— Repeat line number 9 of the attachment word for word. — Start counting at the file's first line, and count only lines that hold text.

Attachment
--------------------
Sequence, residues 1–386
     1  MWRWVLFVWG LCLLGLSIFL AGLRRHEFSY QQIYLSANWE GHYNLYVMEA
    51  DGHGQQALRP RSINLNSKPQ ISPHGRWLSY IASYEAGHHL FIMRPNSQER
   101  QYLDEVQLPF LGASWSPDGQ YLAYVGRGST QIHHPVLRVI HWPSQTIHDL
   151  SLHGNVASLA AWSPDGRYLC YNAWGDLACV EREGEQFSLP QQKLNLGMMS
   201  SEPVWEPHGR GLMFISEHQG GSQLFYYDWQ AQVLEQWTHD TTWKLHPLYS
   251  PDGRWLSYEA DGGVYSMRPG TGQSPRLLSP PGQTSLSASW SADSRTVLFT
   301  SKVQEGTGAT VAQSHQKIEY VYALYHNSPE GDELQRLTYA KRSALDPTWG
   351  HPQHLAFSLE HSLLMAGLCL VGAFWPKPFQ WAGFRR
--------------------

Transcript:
   351  HPQHLAFSLE HSLLMAGLCL VGAFWPKPFQ WAGFRR